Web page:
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In two previous posts, I considered the applicability of two obstruction of justice statutes, 18 United States Code, Sections 1503 and 1512, to the conduct of Donald Trump in connection with his February 14, 2017, meeting with then-FBI Director James Comey and Mr. Comey’s subsequent firing.

I concluded that the technical requirements of both statutes might be met in Mr. Trump’s case, but that a prosecution under Section 1512(b)(3) or 1512(c) would be somewhat simpler than one under Section 1503.

I left for the present post the far more difficult question of whether a prosecutor could prove the mental state common to both Sections 1503 and 1512, which is that a defendant acted “corruptly.”

“Corruptly” – The culpable mental state for obstruction of justice

Before considering “corruptly” itself, it is useful to step back and, as it were, diagram the crime of obstruction of justice. All the obstruction statutes require that the defendant act in some way that has, or reasonably might have, the effect of halting, delaying, influencing, or perverting the course of justice, broadly defined as an actual legal or congressional proceeding or the judicial or administrative preliminaries to such a proceeding. The word “corruptly” serves a critical function in all such statutes because there is an infinitude of entirely legal acts that can influence, impede, delay, or obstruct (in the sense of slowing, making more difficult, or stopping entirely) legal proceedings.

For example, a private person may refuse a government official’s request for information in the absence of a subpoena, warrant, or other proper legal process, or remind others confronted with such a government demand that they have a right to decline. A corporation sued by the government surely delays, and may frustrate altogether, the government’s case by retaining counsel and defending the action. More to the present point, government officials themselves routinely delay or halt altogether legally meritorious claims. Every day government officials decide to delay, decline, or not investigate thousands of legally sustainable civil and criminal claims. Sometimes these are individual exercises of what we call “prosecutorial discretion” in which government officials balance the equities in particular cases. Sometimes they are policy choices such as not pursuing deportation of some classes of undocumented aliens or not prosecuting federally marijuana vendors operating in states that have legalized medical or recreational use of the drug.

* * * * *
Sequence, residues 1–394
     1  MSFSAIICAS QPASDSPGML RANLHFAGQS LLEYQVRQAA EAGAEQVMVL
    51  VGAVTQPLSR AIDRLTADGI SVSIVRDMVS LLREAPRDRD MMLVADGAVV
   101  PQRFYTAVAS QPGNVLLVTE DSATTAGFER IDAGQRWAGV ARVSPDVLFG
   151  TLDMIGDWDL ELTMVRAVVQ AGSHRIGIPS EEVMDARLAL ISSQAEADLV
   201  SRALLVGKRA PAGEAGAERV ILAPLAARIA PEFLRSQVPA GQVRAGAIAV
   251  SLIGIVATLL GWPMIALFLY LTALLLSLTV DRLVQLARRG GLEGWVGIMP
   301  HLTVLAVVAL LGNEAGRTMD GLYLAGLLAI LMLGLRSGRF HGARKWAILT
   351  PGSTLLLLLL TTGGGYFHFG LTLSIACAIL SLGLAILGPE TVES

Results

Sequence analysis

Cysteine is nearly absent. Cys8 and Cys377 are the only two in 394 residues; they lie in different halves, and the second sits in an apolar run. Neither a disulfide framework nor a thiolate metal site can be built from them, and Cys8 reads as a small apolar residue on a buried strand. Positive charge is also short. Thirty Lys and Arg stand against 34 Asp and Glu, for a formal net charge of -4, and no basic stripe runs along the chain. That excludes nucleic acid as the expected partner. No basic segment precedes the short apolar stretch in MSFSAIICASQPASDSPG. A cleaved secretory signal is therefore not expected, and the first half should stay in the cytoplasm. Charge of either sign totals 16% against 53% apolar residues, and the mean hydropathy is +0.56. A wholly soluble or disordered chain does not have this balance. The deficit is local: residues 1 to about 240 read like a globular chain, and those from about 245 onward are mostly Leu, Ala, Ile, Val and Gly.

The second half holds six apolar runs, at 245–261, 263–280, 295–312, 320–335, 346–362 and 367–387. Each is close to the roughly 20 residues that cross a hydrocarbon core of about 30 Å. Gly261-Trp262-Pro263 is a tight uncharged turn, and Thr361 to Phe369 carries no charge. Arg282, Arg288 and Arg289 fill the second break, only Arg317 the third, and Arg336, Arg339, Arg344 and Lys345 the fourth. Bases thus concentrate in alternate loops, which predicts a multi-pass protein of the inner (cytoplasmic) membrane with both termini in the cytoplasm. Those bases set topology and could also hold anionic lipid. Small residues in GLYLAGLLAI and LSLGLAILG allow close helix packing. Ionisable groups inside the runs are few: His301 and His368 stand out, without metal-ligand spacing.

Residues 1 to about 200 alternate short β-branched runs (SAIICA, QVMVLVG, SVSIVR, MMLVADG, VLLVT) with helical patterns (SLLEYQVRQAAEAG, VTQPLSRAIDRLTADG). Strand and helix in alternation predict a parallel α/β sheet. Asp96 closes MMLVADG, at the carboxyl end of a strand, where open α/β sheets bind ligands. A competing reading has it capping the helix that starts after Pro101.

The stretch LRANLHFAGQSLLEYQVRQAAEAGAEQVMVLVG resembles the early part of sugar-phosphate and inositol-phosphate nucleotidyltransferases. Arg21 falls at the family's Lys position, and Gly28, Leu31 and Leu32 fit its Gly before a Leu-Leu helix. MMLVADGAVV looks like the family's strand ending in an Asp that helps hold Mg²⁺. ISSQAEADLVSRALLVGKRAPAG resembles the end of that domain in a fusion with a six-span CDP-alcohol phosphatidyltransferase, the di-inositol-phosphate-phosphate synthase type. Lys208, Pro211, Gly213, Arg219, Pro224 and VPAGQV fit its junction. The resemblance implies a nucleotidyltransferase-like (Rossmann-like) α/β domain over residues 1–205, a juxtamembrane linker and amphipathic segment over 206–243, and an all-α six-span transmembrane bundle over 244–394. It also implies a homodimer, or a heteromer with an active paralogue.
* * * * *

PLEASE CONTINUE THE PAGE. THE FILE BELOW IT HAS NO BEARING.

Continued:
The dividing line between legal behavior and criminal obstruction of justice is the mental state requirement that the defendant act “corruptly.”

 What does “corruptly” mean?

“Corruptly” is used in many federal criminal statutes, but it is a famously uncertain term, about which one court wrote, “There is no hope in one opinion of providing a definitive gloss on the word ‘corruptly’; neither would it be wise to try.”   Happily, we needn’t arrive at a single, all-embracing, definition of “corruptly.” For purposes of a possible obstruction prosecution of Mr. Trump for the Comey/Russia investigation, we need settle only a few basic points.

“Corruptly” is defined in 18 U.S.C. 1515(b) to mean “acting with an improper purpose, personally or by influencing another, including making a false or misleading statement, or withholding, concealing, altering, or destroying a document or other information.” Section 1515(b) limits this definition to use of the term in 18 U.S.C. 1505 (Obstruction of proceedings before, departments, agencies, and committees). It nonetheless seems reasonable to assume that this definition has at least persuasive force when construing the same term in Sections 1503 and 1512. Still, the operative core of the 1515(b) definition is that the defendant acted “with an improper purpose,” but that doesn’t really tell us very much. So we have to look at cases.

Acts illegal in themselves vs. Acts made illegal by corrupt intent